- Don’t procrastinate. “Get started now on registering your company’s tax ID with the Department of Labor’s ICERT system. If your company has never filed for an H-1B visa petition in the past, the chances are that the DOL’s ICERT system may not recognize your company’s tax ID number. You will have to submit an IRS issued document that contains your company’s FEIN (e.g. SS4 letter) to the DOL to register your company to use the ICERT system. Once your company’s tax ID number is registered, your company is then ready to file a labor condition application (ETA9035E), which is the first step is preparing for an H-1B petition to be filed,” advises Mr. Lin. Prospective new H1-B employers can first sign up for an account with the DOL ICERT System at https://icert.doleta.gov/. Employers can try to complete an ETA9035 application to see if the system recognizes the FEIN. If the system does not recognize the FEIN, the employer must submit an IRS issued document that contains the employer’s FEIN to the LCA Help Desk at firstname.lastname@example.org. Or, you may contact Mr. Lin’s office for assistance.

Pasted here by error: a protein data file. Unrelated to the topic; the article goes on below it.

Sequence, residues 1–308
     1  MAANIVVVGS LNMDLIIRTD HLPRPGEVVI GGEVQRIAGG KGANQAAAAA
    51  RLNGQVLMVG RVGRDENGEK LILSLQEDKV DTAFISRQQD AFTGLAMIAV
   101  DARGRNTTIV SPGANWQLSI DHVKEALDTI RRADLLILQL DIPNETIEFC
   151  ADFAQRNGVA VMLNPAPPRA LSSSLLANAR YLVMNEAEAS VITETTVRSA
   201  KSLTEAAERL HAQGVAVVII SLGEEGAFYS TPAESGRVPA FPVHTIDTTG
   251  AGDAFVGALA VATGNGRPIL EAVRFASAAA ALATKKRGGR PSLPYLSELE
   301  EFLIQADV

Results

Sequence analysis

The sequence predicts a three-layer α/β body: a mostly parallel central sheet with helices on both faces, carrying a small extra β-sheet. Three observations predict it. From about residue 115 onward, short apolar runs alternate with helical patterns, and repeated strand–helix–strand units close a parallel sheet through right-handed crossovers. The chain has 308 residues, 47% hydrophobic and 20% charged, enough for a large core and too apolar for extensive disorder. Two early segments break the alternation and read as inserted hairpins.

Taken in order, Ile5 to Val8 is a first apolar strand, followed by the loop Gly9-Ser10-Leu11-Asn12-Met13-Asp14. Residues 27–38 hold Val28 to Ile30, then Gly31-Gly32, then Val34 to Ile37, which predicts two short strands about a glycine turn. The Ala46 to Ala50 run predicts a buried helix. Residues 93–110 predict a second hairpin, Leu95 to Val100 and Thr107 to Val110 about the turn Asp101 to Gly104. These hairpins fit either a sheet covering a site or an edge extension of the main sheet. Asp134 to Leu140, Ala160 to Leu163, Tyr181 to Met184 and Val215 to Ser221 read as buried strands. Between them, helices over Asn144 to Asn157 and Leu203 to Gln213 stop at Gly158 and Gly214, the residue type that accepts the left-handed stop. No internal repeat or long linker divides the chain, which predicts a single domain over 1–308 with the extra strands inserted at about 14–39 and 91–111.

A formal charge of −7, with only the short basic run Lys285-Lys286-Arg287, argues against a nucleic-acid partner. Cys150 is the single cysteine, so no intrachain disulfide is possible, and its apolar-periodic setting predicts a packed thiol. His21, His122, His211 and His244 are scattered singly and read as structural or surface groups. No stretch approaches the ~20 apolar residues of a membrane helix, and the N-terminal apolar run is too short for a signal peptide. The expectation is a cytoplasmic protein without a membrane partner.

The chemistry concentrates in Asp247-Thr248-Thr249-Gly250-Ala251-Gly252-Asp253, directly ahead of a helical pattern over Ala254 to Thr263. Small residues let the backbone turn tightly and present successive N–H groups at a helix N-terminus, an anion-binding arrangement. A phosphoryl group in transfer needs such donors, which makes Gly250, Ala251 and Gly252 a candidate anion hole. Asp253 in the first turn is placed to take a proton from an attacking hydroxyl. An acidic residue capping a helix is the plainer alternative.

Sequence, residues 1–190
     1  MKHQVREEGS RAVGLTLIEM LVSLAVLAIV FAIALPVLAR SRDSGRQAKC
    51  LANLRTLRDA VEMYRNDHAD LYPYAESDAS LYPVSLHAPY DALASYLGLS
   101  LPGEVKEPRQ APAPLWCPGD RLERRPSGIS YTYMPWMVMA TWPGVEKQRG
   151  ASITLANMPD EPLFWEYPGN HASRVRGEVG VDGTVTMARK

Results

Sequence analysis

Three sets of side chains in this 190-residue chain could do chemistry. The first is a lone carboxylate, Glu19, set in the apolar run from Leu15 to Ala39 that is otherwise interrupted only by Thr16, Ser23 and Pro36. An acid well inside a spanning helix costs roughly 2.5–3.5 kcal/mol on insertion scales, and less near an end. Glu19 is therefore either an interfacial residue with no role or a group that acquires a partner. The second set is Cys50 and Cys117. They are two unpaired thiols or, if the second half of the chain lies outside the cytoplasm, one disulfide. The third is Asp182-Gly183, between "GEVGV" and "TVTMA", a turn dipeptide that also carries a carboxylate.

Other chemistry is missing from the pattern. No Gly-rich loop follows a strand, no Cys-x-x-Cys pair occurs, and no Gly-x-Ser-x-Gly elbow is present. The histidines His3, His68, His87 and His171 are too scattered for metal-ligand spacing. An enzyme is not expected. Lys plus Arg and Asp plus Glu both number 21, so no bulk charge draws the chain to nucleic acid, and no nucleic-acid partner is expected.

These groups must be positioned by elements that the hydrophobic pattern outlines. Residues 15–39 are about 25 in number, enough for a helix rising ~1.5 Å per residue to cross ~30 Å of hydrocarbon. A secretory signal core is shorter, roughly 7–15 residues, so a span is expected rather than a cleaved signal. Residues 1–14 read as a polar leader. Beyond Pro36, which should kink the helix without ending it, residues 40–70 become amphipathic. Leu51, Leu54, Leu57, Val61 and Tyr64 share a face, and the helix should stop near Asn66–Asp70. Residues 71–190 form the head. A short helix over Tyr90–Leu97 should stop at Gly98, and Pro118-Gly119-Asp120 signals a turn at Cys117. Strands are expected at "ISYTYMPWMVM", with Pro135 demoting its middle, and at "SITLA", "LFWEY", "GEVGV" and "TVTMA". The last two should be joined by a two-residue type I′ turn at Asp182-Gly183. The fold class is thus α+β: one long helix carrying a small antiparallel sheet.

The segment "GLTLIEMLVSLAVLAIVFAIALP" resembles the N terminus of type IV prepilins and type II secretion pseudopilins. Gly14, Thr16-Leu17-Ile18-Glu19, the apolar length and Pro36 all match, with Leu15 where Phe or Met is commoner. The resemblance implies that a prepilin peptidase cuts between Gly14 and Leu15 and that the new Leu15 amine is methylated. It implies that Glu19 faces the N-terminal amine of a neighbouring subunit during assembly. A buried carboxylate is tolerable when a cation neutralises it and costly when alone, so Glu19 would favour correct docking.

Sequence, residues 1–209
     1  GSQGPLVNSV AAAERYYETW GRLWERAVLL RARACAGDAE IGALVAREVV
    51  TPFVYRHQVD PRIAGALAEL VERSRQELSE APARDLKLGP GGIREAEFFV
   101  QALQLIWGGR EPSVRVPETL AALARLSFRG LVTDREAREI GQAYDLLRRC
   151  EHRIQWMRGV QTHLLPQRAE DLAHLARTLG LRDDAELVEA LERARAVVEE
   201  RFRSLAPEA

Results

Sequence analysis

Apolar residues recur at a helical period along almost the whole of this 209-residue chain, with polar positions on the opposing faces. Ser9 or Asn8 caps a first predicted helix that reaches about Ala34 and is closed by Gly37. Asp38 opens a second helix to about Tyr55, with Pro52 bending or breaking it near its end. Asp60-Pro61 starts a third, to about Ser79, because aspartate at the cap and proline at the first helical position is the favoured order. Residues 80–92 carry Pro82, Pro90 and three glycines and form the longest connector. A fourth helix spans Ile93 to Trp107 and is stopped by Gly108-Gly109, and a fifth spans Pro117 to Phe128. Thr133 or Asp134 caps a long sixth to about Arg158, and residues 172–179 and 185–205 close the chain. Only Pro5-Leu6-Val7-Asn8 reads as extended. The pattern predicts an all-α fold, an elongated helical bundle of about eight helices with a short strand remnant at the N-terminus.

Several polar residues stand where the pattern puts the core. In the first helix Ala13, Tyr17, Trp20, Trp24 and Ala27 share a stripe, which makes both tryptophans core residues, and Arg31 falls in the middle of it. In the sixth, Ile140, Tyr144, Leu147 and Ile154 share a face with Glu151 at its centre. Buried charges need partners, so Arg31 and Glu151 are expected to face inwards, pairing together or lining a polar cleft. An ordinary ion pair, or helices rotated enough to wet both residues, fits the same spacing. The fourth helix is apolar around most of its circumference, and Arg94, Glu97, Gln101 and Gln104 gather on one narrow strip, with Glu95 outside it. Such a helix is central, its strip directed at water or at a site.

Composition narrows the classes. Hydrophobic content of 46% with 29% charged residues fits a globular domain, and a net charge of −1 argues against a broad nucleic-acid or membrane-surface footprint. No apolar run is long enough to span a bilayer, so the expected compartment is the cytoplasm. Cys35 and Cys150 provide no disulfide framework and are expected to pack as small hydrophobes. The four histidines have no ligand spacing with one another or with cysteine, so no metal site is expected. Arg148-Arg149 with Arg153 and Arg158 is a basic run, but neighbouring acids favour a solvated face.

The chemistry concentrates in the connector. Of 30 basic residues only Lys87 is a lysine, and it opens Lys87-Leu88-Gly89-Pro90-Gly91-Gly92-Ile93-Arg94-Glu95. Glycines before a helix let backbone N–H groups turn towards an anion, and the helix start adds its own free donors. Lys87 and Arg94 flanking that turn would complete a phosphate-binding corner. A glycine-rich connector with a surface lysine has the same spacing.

“Employers shouldn’t be deterred by the recent H-1B changes and the increase in denials from USCIS,” says Mr. Lin. “By being forward-thinking and well-prepared when utilizing the H-1B immigration category, it remains a practical and valuable tool for securing highly skilled workers in our underserved labor market.”
Is your organization prepared for success under the newest H-1B visa guidelines?
The HR Team is here to offer our guidance and helpful tools to facilitate your petition processes with your outside counsel. Please contact our knowledgeable professionals to learn more.